Tuesday, July 7, 2015


I have three gooseberry plants. Two are Hinnonmaki Red. They are the two small ones to the side. I'm trying to make standards of them and they are resisting. But I think next year I'll get a decent harvest. The huge one in the middle is Invicta. It is a nice tart green gooseberry. I'm picking them a bit late this year, but I just didn't have time before my camping trip. Invicta is best in pies or jams when picked a bit green. Right now they are a touch too ripe. So they will miss a bit of that really tart flavor they have. They are still good but not perfect. The Hinnonmaki are the opposite. For me they are best eaten out of hand and ripe so they are sweet enough to eat that way - at least to me.

To harvest I clip off the branch with the fruit. I do this for two reasons. The older branches won't produce fruit. Though they could produce side branches that will, but they get so crowded it is hard enough to find the fruit as it is. And the second is that the thorns are vicious. The fruit is hanging down on the underside of the branch and trying to pick under such nasty thorns is dangerous. I keep thinking that I need welding gloves for this bush. Even being as careful as I can, with a garden glove on one hand to pick up the branch, I still draw blood.


Once the majority of the fruiting branches are out, I prune the rest of the bush back a lot. I take out any branch that is not going up as otherwise the gooseberries will set on the ground. And then I thin. I have one book that says to thin to six branches. I don't go that far. This is also an ornamental foundation planting by my front door. So I need some foliage left. Right now it looks pretty sad as an ornamental planting, but it won't take long for the bush to grow huge again.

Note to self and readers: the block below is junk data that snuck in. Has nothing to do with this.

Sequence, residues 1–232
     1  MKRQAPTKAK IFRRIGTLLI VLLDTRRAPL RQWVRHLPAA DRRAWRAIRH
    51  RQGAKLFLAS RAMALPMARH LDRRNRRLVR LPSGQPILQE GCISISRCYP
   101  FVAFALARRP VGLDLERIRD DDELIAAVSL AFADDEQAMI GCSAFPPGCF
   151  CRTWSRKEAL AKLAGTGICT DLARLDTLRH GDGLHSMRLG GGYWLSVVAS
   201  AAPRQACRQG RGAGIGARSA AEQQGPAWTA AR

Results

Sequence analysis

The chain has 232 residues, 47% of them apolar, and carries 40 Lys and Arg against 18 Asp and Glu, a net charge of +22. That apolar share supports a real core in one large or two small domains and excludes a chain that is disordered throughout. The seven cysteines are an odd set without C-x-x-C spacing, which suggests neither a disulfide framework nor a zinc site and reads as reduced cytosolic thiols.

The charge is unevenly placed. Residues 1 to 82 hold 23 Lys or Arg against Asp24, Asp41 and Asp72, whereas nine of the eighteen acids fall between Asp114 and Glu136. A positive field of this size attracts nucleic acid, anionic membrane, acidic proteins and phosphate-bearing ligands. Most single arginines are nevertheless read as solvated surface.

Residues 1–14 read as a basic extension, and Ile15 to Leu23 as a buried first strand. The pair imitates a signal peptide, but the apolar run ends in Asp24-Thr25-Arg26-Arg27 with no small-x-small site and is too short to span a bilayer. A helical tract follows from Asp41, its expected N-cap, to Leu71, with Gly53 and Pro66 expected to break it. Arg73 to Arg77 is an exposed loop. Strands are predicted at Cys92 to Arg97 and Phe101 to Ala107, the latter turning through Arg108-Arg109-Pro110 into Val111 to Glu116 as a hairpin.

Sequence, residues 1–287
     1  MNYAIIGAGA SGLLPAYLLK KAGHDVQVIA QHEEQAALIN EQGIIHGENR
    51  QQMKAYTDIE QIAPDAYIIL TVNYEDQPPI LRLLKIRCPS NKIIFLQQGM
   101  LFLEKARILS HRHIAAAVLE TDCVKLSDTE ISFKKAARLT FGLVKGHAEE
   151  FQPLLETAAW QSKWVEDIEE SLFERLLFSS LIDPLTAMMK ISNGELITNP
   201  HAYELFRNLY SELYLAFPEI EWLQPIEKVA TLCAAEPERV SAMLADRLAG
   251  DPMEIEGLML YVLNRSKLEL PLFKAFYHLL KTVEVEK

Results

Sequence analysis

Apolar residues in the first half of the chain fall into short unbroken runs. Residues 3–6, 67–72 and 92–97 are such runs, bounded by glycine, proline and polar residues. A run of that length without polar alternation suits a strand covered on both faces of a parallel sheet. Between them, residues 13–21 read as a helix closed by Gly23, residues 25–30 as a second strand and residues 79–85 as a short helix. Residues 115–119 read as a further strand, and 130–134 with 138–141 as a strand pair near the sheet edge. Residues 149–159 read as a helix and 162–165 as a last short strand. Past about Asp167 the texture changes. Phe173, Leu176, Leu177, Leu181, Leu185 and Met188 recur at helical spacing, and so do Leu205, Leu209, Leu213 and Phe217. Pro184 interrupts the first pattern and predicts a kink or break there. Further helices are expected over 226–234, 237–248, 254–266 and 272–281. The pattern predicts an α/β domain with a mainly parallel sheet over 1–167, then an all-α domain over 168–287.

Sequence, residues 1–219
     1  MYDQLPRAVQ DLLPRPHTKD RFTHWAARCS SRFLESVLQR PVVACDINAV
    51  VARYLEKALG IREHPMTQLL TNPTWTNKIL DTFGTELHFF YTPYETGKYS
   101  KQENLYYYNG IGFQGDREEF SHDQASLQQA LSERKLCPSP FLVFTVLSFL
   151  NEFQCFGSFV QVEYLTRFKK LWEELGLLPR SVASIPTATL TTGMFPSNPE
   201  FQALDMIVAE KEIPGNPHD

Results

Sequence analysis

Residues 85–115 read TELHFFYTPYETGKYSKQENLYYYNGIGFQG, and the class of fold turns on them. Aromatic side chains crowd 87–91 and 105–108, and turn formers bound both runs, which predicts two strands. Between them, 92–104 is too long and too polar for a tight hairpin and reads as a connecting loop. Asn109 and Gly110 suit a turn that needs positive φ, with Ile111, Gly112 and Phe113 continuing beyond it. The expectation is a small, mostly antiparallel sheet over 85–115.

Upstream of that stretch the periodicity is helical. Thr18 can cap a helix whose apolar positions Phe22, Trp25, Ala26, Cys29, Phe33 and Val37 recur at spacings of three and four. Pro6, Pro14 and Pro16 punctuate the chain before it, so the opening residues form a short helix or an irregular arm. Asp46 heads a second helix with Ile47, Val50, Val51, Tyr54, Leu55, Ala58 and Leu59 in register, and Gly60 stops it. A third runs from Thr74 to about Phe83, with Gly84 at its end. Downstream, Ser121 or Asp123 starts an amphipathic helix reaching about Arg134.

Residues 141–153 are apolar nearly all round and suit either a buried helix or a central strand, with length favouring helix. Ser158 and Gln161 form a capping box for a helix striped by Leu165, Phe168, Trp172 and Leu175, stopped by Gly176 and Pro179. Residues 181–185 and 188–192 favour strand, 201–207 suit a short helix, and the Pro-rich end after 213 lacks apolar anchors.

Since this is an inground planting that isn't in my garden proper, it is owned by both townhouses, which means it isn't just mine. It is shared. Usually I'm too kind and pick all the gooseberries for my townhouse mates. After getting stabbed for the third time, I decided if they wanted to eat them they could pick them. I cut off three huge branches and put them in the shade by their steps. Even without those sprays of gooseberries, I picked over 5 pounds of them. I think I'll make some jam. Gooseberry jam is really good.


  1. I think vicious is the right word for gooseberry thorns! I have a Captivator bush and I let some go dead ripe to see how they taste. They got really sweet, but the skin is a bit thicker (and more tough) than Hinnomaki Red or Amish Red. I never thought about pruning as a part of harvesting, but it makes sense.

  2. That's interesting about the pruning. I wonder if I'm supposed to do it that way for my jostaberry. At least it doesn't have thorns!

  3. Excellent tip. I've tried to grow gooseberries for 3 years but have sucessfully killed about 5 plants. I don't think they can handle our dry weather. I'm trying them in wicking pots now, but that's their last chance. If I ever get a crop I'll be using your method!

  4. Wow, that plant really shrank, but it's amazing that you got 5 pounds of berries, it didn't look that big!

  5. Ow - those gooseberry bushes sound a bit painful! I'm probably one of the last people that hasn't tasted one even though I have a feeling I would like them; I'm partial to most things that are tart.

  6. I like the idea of harvesting and pruning at the same time. Seems so obvious. I need to harvest mine soon before the birds get them. I lost all my blackberries last month to the pigeons.

  7. I haven't had gooseberry jam in years, but a friend in western Canada used to make it and it was delicious! I remember being introduced to those pretty green globes of berries, but I don't remember the thorns...is there a thornless version? Or maybe they were SO awful I've blocked them out of my memory!

    1. I used to have what they called a semi thornless version. The taste was not worth growing. And it did have thorns. So all in all not worth growing.